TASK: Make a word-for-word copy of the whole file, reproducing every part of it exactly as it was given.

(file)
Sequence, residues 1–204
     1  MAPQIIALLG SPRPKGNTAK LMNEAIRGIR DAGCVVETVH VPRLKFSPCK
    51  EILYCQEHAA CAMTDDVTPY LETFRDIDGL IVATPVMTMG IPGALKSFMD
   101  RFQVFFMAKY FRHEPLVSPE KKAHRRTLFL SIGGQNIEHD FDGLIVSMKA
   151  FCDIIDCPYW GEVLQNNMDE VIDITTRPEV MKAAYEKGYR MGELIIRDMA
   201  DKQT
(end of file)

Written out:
Sequence, residues 1–204
     1  MAPQIIALLG SPRPKGNTAK LMNEAIRGIR DAGCVVETVH VPRLKFSPCK
    51  EILYCQEHAA CAMTDDVTPY LETFRDIDGL IVATPVMTMG IPGALKSFMD
   101  RFQVFFMAKY FRHEPLVSPE KKAHRRTLFL SIGGQNIEHD FDGLIVSMKA
   151  FCDIIDCPYW GEVLQNNMDE VIDITTRPEV MKAAYEKGYR MGELIIRDMA
   201  DKQT